FIG. 70A is a top perspective view of a lower clutch according to an alternate embodiment of the present disclosure;

FIG. 71 is a top perspective view of the main shaft of the articulation mechanism shown in FIG. 65;

FIG. 72 is a bottom perspective view of the main shaft shown in FIG. 71;

FIG. 73 is a top perspective view of the cover of the articulation mechanism shown in FIG. 65;

FIG. 74 is a bottom perspective view of the cover shown in FIG. 73;

FIG. 75 is a cross-sectional view of the articulation mechanism shown in FIG. 64 with the articulation mechanism in a non-articulated position;

FIG. 76 is a cross-sectional view taken along section lines 76-76 of FIG. 75;

FIG. 77 is a top view of the articulation mechanism shown in FIG. 64 with the articulation lever rotated;

FIG. 78 is a cross-sectional view of the articulation mechanism shown in FIG. 64 with the articulation lever rotated as shown in FIG. 77;

FIG. 79 is a cross-sectional view taken along section lines 79-79 of FIG. 78; and

FIG. 80 is a cross-sectional view of the articulation mechanism shown in FIG. 64 with the articulation lever rotated and the upper clutch projection reengaged with the serrations of the lower clutch.

DETAILED DESCRIPTION OF EMBODIMENTS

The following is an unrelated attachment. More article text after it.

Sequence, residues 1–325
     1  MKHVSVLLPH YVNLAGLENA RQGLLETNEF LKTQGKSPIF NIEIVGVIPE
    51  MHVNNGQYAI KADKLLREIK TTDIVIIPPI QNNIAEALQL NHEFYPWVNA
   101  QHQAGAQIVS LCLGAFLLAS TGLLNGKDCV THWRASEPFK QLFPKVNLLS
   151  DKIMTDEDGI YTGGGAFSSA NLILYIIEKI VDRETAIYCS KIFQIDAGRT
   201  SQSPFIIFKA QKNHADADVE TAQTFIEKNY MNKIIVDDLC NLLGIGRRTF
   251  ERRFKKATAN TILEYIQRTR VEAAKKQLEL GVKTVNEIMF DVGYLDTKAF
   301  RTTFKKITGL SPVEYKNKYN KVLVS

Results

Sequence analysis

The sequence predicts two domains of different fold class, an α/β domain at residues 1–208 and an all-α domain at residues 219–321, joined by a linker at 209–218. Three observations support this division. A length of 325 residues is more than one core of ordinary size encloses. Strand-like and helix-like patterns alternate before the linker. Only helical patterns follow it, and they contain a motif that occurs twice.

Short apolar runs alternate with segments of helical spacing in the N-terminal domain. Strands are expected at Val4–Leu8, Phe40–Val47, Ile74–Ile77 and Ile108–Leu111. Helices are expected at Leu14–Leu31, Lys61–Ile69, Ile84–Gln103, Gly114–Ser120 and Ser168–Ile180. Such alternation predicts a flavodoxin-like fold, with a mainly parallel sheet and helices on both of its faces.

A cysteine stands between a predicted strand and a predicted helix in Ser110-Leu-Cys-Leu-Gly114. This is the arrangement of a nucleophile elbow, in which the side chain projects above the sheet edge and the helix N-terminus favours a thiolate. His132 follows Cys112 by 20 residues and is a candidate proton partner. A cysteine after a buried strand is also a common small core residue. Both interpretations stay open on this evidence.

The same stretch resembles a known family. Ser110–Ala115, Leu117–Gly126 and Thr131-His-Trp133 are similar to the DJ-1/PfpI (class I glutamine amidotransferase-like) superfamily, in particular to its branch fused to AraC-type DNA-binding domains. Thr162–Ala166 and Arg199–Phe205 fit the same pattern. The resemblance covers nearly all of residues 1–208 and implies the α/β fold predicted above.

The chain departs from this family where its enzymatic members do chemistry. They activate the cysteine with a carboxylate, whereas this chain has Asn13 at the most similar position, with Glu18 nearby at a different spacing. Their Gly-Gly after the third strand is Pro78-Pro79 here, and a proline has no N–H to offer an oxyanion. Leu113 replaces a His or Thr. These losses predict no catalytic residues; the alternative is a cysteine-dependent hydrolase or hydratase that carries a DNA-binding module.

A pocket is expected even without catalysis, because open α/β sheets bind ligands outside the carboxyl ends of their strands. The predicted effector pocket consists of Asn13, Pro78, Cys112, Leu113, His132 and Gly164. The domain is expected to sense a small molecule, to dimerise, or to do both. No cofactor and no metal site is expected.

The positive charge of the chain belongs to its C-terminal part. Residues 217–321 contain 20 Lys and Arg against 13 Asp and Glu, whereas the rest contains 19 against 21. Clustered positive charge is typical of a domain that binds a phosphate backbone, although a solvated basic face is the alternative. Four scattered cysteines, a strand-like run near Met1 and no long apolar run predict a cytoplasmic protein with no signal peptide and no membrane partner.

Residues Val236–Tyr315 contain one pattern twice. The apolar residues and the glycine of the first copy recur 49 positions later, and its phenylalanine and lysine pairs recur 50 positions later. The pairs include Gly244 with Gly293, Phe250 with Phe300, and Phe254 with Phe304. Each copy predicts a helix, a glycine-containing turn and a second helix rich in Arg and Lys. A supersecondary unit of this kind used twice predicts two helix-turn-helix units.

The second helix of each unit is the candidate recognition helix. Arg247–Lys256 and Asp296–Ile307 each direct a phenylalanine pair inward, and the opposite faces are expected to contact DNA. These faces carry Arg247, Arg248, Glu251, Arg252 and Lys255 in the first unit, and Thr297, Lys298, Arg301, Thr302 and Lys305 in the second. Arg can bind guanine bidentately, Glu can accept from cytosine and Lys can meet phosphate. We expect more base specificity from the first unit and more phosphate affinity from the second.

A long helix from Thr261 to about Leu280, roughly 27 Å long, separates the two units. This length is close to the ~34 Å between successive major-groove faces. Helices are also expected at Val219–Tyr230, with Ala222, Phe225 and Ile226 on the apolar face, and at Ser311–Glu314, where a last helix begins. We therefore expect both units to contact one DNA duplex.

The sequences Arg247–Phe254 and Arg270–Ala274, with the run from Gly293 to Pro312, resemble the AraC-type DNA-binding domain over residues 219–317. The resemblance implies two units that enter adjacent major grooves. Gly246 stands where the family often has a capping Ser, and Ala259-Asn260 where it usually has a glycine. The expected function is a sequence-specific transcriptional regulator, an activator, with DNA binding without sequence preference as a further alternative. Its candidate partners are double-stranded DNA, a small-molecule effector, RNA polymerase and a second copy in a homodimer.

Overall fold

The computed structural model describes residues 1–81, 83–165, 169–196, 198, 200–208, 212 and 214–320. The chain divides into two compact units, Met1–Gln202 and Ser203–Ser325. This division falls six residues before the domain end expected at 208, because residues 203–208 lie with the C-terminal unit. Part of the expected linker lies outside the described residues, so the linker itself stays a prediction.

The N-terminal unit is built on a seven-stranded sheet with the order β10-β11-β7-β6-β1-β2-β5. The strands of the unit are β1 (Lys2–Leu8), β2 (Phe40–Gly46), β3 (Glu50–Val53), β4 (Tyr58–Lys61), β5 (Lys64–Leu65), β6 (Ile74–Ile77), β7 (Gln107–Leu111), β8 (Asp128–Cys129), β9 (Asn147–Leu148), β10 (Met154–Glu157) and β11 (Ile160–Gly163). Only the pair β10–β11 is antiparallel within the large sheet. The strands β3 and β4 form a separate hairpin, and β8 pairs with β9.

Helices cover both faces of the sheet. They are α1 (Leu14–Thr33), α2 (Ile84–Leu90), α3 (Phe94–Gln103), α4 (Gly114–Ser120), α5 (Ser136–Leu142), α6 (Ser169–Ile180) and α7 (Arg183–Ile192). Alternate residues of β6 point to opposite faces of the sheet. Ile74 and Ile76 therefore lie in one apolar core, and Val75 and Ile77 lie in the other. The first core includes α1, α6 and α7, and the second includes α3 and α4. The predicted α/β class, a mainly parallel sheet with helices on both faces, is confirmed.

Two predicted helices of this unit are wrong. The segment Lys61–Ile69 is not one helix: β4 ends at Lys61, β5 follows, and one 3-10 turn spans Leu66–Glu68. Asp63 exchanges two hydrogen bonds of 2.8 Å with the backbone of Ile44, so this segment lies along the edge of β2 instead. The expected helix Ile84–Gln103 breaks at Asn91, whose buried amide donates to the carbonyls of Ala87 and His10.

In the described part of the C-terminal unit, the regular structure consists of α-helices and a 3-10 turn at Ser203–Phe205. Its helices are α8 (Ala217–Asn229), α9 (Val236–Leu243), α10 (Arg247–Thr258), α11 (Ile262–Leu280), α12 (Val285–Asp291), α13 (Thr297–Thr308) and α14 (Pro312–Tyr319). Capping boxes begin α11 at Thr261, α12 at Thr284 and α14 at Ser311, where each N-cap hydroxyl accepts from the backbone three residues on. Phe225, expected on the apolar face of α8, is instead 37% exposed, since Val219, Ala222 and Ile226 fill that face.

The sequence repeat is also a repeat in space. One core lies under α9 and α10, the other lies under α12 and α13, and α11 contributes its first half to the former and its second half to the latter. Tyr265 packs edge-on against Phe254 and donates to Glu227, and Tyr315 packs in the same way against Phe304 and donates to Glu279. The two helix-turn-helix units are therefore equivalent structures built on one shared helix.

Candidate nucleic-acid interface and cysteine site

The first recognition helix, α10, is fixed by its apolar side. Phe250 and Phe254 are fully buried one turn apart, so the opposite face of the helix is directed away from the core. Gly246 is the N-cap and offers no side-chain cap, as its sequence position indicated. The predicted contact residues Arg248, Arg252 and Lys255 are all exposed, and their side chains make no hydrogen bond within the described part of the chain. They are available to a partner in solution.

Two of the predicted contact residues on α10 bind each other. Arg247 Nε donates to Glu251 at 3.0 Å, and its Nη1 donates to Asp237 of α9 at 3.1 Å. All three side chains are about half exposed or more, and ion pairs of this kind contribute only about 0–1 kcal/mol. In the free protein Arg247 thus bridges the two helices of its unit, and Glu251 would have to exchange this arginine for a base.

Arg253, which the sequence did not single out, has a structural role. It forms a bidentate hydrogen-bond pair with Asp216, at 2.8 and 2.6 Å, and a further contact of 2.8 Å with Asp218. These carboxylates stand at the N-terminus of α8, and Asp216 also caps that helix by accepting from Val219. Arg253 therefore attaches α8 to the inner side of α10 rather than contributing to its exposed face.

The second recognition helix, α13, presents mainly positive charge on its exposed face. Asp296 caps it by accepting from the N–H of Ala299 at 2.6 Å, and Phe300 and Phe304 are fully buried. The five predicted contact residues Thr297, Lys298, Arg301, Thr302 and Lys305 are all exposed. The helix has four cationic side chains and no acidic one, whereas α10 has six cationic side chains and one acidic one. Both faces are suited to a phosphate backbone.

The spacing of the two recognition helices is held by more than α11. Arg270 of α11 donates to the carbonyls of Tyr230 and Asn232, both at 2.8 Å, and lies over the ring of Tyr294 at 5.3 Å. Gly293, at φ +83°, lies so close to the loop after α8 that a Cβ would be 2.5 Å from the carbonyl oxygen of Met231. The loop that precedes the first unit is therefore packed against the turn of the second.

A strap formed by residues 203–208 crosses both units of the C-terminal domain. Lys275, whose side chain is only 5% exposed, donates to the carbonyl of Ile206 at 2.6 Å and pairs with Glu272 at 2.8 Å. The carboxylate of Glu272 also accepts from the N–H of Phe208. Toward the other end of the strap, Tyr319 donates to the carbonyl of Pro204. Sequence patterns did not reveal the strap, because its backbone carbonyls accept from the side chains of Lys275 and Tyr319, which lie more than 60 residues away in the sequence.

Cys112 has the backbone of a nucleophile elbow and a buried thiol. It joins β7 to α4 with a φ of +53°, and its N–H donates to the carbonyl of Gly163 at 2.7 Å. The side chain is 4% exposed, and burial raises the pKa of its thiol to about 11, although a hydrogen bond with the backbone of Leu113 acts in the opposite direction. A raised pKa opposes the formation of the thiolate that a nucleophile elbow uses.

Preferred embodiments of the presently disclosed endoscopic surgical instrument will now be described in detail with reference to the drawings, in which like reference numerals designate identical or corresponding elements in each of the several views.

In the drawings and in the description that follows, the term “proximal”, as is traditional, will refer to the end of the stapling apparatus which is closest to the operator, while the term distal will refer to the end of the apparatus which is furthest from the operator.

FIGS. 1-3 illustrate one embodiment of the presently disclosed surgical instrument shown generally as 10. Briefly, surgical instrument 10 includes a handle assembly 12 and an elongated body 14. A disposable loading unit or DLU 16 is releasably secured to a distal end of elongated body 14. Disposable loading unit 16 includes a tool assembly 17 having a cartridge assembly 18 housing a plurality of surgical staples and an anvil assembly 20 movably secured in relation to cartridge assembly 18. Disposable loading unit 16 is configured to apply linear rows of staples measuring from about 30 mm to about 60 mm in length. Disposable loading units having linear rows of staples of other lengths are also envisioned, e.g., 45 mm. Handle assembly 12 includes a stationary handle member 22, a movable handle member 24, and a barrel portion 26. A rotatable member 28 is preferably mounted on the forward end of barrel portion 26 to facilitate rotation of elongated body 14 with respect to handle assembly 12. An articulation lever 30 is also preferably mounted on the forward end of barrel portion 26 adjacent rotatable knob 28 to facilitate articulation of tool assembly 17. A pair of retraction knobs 32 are movably positioned along barrel portion 26 to return surgical instrument 10 to a retracted position, as will be described in detail below.